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How and Why Were Older Videogames Way More Difficult? AD

How and Why Were Older Videogames Way More Difficult?

Most gamers who were around at the time would agree that the older games are more difficult. Go back to the 1990s, and you have titles such as Half-Life and Tomb Raider to contend with, both challenging in their own right, and earlier scrollers like Streets of Rage, which true to its name was a recipe for uncontrollable anger. Go back further still to the days of R-Type and the original Zelda, and you will probably recall smashing quite a few control pads against walls.

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It’s hard, but is it “Nintendo hard”?

Even science has shown that the older games, many of the top video games from the 1980s like Donkey Kong, Super Mario and Zelda were super hard. Indeed, they are “NP-hard,” which is a scientific term for an especially hard problem that makes you scratch your head bald. Of course, we didn’t need the scientists to tell us that.

More difficult? How so?

It wasn’t only the problem-solving elements that made earlier games more difficult. Gamers had to contend with clunky controls, brutal game design and an almost insufferable inability to save. Let’s take a look at some of the factors that used to make you tear your face off:

  • Clunky Controls – The first factor that made older games more difficult is clunky controls. It was not deliberate and usually the result of hardware limitations that made the gameplay and responsiveness less smooth. That lead to delays in gunfire or attacks, impossible jumps and unbearable glitches. Buttons pressed didn’t lead as accurately to the desired outcome, and you had to adapt your gameplay to the faults of the controls. Now, game controls are generally more accurate and responsive.
  • Outrageous Level Design – Levels were a lot harder. Do you remember those nightmare castle levels on the early Super Mario games? Flame pits and insta-kill fireballs, spinning platforms and armored bad guys. To enhance the simple scroller games, there were pits and traps, spikes coming out of walls and snakes dropping on your head. The levels were purposely difficult, for reasons we will explore soon. Many games now take a more cinematic and scripted approach, with the player guiding their character through a film.
  • Rudimentary Health – Older games tended to give the player little or no extra health. Sometimes, you even died with a single hit like in Contra, or you had a few little hearts to get you through the level. The dreaded “game over” screen meant something: You were either sent back to the beginning of the level (if you had “continues”) or worse, the start of the game.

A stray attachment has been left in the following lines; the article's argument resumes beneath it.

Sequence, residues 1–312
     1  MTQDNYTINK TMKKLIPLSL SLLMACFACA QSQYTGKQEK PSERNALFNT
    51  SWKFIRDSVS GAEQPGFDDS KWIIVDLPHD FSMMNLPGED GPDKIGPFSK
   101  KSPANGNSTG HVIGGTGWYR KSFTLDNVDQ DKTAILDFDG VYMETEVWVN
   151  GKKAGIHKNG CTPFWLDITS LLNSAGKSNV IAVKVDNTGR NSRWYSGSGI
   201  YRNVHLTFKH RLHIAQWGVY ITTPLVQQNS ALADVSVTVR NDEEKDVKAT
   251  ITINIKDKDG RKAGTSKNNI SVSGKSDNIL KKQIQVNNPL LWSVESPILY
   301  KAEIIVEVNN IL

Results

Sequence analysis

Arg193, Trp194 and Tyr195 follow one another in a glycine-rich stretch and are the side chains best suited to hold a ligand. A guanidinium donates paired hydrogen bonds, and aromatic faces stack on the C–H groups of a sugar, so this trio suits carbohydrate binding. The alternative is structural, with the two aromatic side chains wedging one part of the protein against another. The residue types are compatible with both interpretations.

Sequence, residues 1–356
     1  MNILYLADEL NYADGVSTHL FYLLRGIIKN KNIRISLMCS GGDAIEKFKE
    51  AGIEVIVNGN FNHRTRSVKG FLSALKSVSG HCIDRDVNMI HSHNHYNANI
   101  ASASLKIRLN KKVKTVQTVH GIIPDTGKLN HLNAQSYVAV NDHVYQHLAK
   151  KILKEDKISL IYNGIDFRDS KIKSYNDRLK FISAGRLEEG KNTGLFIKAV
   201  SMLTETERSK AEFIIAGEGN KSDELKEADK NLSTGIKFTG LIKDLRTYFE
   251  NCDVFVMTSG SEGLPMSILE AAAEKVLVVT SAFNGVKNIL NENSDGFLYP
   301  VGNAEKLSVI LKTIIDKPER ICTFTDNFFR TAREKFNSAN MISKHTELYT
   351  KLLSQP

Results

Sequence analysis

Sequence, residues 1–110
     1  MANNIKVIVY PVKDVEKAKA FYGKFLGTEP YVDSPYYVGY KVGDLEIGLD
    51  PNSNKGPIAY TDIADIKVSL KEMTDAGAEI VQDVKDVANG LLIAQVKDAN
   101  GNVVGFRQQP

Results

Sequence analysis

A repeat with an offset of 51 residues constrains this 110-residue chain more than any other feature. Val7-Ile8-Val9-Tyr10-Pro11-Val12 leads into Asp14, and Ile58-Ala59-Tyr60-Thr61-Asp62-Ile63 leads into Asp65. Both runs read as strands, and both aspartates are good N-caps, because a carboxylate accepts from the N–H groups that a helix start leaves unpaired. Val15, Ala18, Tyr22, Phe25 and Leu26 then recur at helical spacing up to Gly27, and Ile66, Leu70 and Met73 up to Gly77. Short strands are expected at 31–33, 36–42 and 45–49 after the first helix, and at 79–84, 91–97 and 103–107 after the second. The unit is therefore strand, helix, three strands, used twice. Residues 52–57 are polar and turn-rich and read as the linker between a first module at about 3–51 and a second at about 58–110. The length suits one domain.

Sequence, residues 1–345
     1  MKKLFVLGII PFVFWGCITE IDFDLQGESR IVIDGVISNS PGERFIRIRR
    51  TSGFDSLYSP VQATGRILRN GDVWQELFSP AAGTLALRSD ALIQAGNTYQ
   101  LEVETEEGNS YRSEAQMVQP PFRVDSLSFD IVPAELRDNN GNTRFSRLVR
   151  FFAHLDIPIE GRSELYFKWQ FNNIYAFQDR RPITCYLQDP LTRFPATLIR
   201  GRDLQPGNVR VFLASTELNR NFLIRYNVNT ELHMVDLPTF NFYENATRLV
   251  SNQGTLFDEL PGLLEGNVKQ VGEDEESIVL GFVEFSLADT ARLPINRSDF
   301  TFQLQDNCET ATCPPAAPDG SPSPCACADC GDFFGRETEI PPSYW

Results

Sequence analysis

• Inability to Save – Add to this the inability in early games to even save, and you have a hard time beating any title. Some games found innovative ways to “save” the game using level passwords while in other cases, you had to beat the entire game in one sitting, with your already extremely limited number of lives. I recently played Streets of Rage again on the SEGA Mega Drive Collection. This version allows you to save, and the game is hard enough, but on the Mega Drive version, you barely stood a chance.

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Yeah, you little snot.

Why were older games so hard?

As mentioned, some of the reason the games were so hard was down to clunky controls and limitations with the hardware. Still, the games were deliberately hard, even given the challenge of getting used to the controls. Why is this the case?

Older games were a direct descendant of the arcade game era. If you think about it, the objective of an arcade game is to make you lose, or at least lose a life, so that you put another coin in to continue the game. You could continue as long as you fed the machine, and thus with enough money reach the end of a game. Developers continued these habits even as they created console games in which this dynamic was no longer necessary.

Developers also faced the challenge of providing gamers with good value for their money, with limited graphical capabilities or storage capacity. Think about it: early games are quite small. If they were easy, you would finish them in a matter of hours. Still, these games were often as expensive for the people buying them as our new releases are now.

The challenge and replayability came down to the number of hours it took to perfect the game before you could realistically beat every level with the set number of lives and power-ups.

Games are different now. The graphics are on another level. They can offer 100 hours of a beautiful and glorious experience, yet sometimes, it feels quite like time is the only challenge. If you can put in the hours, you beat the game. Neither is better or worse, but perhaps the days of unlimited health and endless perks have made us a little soft? What do you think?

Christian Schmidt

Christian Schmidt

Staff Writer

Playing videogames, listening to nightcore

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